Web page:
In Washington's Highline School District, as many as 25 languages can be spoken in a single classroom. That presents a serious challenge to educators who want to provide English learners with rigorous, grade-level appropriate curriculum.
Responding to that difficulty, University of Washington researcher Jessica Thompson and her colleagues have focused their attention on helping Highline's EL teacher leaders collaborate with secondary science teachers to improve instruction. Thompson shared lessons from that work during the American Educational Research Association's annual meeting earlier this month.
Conversations about teaching science typically have been separated from EL tools and practice, Thompson said, leaving those students behind.
With support from the UW College of Education research team, Highline's science and EL teachers/coaches came together and began intentionally planning lessons for EL students, embedding specific EL-related knowledge into science instructional tools.
"We observed more in-depth conversation when we did structured talk, for instance, where EL students had a conversation about why a scientific phenomenon occurred," Thompson said. "It became a really important planning tool for coaches to help teachers plan lessons."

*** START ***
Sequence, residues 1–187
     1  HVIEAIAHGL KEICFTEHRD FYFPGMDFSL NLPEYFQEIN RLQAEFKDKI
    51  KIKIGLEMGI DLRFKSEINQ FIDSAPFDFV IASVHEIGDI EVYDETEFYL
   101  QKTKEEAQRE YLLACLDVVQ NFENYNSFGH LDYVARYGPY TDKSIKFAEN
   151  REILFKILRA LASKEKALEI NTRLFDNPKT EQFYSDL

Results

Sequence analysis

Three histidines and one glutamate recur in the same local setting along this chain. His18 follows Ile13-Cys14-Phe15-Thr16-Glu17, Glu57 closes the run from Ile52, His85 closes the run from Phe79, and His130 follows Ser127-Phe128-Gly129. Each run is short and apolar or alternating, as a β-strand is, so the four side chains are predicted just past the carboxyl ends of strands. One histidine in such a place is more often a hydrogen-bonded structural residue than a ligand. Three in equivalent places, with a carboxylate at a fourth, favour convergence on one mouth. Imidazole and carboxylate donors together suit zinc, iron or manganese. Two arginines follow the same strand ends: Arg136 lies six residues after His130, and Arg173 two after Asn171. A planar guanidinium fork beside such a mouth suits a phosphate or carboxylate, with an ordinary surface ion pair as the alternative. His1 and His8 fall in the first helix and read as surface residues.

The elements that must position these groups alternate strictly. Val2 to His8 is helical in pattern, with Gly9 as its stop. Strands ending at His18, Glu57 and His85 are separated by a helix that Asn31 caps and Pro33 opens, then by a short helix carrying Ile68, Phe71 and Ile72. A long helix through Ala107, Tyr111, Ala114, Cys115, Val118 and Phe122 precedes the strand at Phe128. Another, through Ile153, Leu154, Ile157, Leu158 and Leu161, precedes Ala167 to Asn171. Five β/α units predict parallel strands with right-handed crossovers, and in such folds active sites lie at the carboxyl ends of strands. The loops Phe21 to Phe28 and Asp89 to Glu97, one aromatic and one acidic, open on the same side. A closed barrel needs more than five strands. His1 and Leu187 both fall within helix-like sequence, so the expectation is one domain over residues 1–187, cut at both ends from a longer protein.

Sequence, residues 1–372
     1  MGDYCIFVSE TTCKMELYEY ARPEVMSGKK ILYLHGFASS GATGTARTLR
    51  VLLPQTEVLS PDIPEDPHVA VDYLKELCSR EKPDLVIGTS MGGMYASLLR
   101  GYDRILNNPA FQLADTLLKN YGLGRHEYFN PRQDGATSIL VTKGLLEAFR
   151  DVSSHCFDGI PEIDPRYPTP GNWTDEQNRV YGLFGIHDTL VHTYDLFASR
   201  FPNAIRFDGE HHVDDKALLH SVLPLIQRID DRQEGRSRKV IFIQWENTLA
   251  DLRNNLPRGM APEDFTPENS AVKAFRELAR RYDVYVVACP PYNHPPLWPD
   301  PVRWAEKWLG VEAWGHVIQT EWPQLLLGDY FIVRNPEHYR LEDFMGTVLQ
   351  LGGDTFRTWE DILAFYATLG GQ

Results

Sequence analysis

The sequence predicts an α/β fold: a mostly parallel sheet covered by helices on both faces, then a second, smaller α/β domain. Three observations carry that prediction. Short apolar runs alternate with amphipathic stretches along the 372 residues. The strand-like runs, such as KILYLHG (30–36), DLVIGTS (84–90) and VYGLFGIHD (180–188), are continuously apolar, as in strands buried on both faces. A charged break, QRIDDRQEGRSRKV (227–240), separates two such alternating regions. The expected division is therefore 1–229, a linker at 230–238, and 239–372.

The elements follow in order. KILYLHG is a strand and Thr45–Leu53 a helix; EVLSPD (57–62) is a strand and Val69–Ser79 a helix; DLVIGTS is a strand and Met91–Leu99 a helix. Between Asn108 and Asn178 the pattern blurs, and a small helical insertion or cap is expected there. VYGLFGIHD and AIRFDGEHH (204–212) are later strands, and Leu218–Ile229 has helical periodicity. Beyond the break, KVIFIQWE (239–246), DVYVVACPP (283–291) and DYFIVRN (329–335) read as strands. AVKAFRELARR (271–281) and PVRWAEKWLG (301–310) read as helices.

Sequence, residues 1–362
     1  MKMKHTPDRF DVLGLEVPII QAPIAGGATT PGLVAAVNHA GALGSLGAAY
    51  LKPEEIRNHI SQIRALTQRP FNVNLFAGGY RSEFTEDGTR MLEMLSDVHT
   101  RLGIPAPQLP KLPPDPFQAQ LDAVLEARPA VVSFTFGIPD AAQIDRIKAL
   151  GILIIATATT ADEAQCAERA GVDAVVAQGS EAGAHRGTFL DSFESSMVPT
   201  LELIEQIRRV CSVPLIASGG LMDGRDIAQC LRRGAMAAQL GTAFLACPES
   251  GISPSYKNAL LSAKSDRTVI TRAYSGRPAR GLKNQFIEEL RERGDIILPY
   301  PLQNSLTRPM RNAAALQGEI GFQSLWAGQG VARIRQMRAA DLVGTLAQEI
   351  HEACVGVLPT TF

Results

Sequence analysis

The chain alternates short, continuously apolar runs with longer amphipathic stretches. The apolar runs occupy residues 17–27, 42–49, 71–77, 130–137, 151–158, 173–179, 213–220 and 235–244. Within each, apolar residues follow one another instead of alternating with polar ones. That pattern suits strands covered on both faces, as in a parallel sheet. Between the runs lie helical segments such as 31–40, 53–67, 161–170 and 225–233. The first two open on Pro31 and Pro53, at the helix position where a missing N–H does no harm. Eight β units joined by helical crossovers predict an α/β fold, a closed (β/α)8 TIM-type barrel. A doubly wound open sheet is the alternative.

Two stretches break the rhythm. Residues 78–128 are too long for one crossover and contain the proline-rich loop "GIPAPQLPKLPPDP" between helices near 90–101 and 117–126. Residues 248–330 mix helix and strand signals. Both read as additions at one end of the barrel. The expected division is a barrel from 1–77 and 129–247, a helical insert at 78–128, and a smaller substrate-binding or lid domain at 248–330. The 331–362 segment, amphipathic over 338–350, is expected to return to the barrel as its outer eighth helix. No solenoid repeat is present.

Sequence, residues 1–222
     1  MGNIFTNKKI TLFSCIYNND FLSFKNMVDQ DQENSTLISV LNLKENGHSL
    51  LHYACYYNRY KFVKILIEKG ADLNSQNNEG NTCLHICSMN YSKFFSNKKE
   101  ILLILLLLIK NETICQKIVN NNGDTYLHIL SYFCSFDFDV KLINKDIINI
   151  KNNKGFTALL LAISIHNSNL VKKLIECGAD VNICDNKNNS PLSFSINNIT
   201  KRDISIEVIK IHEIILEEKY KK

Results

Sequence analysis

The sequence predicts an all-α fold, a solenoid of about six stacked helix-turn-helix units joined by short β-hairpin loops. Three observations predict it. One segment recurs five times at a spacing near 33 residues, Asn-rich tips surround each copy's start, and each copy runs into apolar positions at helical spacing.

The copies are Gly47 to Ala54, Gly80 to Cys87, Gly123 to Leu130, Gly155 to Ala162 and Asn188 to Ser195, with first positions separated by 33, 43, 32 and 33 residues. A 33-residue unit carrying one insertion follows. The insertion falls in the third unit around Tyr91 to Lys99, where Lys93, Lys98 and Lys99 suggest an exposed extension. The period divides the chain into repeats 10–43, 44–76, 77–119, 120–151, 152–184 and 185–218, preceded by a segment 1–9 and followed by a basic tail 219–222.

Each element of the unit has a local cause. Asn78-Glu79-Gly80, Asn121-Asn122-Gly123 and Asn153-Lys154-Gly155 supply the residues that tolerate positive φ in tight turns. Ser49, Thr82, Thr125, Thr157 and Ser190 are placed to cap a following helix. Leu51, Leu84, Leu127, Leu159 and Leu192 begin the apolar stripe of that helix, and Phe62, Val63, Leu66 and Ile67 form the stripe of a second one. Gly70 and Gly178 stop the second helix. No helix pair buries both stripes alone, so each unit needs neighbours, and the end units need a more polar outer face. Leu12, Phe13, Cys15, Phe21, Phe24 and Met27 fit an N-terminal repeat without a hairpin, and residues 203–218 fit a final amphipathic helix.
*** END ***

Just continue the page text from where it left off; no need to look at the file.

Thompson said Highline's EL facilitators developed collaborative relationships with secondary science coaches, fostering new conversations about science teaching for the district's English learners.
That success offers a model for other schools as more culturally and linguistically diverse students enter mainstream classrooms.
Learn more about UW's work to advance science teaching practices for EL students:
Thompson's presentation "English Learner–Focused Teacher Leaders Advancing Ambitious Science Teaching Practices" took place as part of the AERA panel "Developing Formal Structures to Facilitate Teacher Leadership in Job-Embedded Professional Development."
Dustin Wunderlich, Director for Marketing and Communications